source
version7
lds50peer_reviewed
links
openurl$$Topenurl_article
openurlfulltext$$Topenurlfull_article
search
creatorcontrib
0Mccullough, Lauren E.
1Santella, Regina M.
2Cleveland, Rebecca J.
3Millikan, Robert C.
4Olshan, Andrew F.
5North, Kari E.
6Bradshaw, Patrick T.
7Eng, Sybil M.
8Terry, Mary Beth
9Shen, Jing
10Crew, Katherine D.
11Rossner, Pavel
12Teitelbaum, Susan L.
13Neugut, Alfred I.
14Gammon, Marilie D.
titlePolymorphisms in DNA repair genes, recreational physical activity and breast cancer risk
descriptionThe mechanisms driving the inverse association between recreational physical activity (RPA) and breast cancer risk are complex. While exercise is associated with increased reactive oxygen species production it may also improve damage repair systems, particularly those that operate on single‐strand breaks including base excision repair (BER), nucleotide excision repair (NER) and mismatch repair (MMR). Of these repair pathways, the role of MMR in breast carcinogenesis is least investigated. Polymorphisms in MMR or other DNA repair gene variants may modify the association between RPA and breast cancer incidence. We investigated the individual and joint effects of variants in three MMR pathway genes ( and ) on breast cancer occurrence using resources from the Long Island Breast Cancer Study Project. We additionally characterized interactions between RPA and genetic polymorphisms in MMR, BER and NER pathways. We found statistically significant multiplicative interactions ( < 0.05) between and as well as between postmenopausal RPA and four variants in DNA repair (‐Ala499Val, ‐Arg415Gln, ‐Asp1104His and ‐lle219Val). Significant risk reductions were observed among highly active women with the common genotype for (OR = 0.54; 95% CI, 0.36–0.81) and (OR = 0.62; 95% CI, 0.44–0.87), as well as among active women who carried at least one variant allele in (OR = 0.46; 95% CI, 0.29–0.77) and (OR = 0.46; 95% CI, 0.30–0.71). Our data show that women with minor alleles in both and could be at increased breast cancer risk. RPA may be modified by genes in the DNA repair pathway, and merit further investigation. What's new? Physical activity increases the production of reactive oxygen species but also offsets oxidative damage by enhancing DNA repair, a phenomenon that could help explain the inverse relationship between exercise and breast cancer. Mismatch repair (MMR), the least studied of the repair systems in breast cancer, was the focus of this investigation, which reveals an absence of association between disease risk and six MMR polymorphisms but a significant risk in risk for gene‐gene interactions between variants in and . The data suggest that allelic variability in DNA repair may modify associations between physical activity and breast cancer.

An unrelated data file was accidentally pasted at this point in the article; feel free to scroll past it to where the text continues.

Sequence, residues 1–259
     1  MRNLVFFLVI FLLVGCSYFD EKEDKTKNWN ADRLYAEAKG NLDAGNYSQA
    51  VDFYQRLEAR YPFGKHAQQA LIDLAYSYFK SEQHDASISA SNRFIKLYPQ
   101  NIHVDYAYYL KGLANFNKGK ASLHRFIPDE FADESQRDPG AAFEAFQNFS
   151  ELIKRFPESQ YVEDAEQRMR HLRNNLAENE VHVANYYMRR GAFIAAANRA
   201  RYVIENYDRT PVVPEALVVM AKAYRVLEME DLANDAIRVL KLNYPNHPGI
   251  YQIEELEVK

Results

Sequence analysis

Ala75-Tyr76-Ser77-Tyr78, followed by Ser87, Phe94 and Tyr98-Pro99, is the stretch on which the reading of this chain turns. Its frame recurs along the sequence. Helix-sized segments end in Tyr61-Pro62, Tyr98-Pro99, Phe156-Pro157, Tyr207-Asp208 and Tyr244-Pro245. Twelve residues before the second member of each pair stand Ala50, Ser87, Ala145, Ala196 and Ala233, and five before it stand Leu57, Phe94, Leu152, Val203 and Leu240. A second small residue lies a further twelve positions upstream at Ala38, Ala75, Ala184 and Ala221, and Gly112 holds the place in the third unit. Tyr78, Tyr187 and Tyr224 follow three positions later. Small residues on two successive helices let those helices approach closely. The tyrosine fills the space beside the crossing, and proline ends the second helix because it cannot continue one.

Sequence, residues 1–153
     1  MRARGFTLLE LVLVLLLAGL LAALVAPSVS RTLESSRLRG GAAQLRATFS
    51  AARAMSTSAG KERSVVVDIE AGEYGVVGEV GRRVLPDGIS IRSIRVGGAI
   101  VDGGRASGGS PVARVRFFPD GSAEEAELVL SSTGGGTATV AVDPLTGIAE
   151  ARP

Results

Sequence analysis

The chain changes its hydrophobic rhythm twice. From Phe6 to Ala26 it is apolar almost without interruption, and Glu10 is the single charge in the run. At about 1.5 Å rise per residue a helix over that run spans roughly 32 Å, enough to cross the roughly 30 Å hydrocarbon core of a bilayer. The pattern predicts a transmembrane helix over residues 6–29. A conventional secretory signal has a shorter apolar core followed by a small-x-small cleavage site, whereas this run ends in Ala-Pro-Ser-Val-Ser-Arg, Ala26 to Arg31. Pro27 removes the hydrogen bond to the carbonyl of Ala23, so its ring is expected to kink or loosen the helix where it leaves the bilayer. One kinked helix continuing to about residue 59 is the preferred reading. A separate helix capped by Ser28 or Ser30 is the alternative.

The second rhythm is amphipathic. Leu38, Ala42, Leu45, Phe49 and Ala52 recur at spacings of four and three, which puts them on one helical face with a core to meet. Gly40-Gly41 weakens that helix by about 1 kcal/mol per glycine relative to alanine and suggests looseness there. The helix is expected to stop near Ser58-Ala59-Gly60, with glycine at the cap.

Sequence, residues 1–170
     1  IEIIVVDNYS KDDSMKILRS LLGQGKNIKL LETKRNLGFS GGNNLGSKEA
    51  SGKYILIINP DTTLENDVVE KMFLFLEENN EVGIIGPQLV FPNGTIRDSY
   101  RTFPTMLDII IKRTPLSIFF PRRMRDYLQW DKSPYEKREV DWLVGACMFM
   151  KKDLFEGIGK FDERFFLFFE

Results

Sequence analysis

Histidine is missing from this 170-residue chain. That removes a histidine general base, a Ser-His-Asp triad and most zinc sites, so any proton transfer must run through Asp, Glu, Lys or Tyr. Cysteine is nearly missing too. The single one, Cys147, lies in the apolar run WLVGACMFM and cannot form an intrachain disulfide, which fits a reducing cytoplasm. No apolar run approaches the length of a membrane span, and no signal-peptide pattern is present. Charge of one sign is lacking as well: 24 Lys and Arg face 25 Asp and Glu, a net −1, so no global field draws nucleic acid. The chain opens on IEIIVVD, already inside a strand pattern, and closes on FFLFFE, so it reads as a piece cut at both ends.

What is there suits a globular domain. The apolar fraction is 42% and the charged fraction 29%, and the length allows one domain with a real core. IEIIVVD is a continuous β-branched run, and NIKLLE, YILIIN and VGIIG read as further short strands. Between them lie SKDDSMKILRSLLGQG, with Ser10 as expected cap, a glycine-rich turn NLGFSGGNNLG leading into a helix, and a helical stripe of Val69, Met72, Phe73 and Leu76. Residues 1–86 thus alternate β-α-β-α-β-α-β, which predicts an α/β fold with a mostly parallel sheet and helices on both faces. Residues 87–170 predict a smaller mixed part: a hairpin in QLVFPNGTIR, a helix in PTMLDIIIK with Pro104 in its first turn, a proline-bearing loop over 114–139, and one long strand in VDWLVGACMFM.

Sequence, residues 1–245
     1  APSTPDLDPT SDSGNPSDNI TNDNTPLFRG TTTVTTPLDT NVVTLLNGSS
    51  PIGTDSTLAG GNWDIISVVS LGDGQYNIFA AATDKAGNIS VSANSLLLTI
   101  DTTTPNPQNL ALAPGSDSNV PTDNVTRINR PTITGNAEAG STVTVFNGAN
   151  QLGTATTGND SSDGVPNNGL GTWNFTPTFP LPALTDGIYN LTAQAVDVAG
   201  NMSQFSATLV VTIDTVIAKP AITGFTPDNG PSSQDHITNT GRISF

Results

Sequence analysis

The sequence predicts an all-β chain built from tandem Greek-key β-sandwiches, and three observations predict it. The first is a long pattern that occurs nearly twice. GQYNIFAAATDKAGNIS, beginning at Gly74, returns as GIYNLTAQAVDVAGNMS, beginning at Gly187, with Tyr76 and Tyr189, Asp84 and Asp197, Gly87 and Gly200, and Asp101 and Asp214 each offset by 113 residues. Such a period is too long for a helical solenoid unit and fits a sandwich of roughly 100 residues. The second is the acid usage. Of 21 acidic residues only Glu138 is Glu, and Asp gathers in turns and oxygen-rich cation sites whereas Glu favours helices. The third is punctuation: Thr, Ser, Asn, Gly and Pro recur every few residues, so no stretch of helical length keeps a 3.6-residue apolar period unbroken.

subject
0Breast Cancer
1Epidemiology
2Dna Repair
3Mismatch Repair
4Physical Activity
general
010.1002/ijc.28383
1Wiley Online Library
sourceidwj
recordidwj10.1002/ijc.28383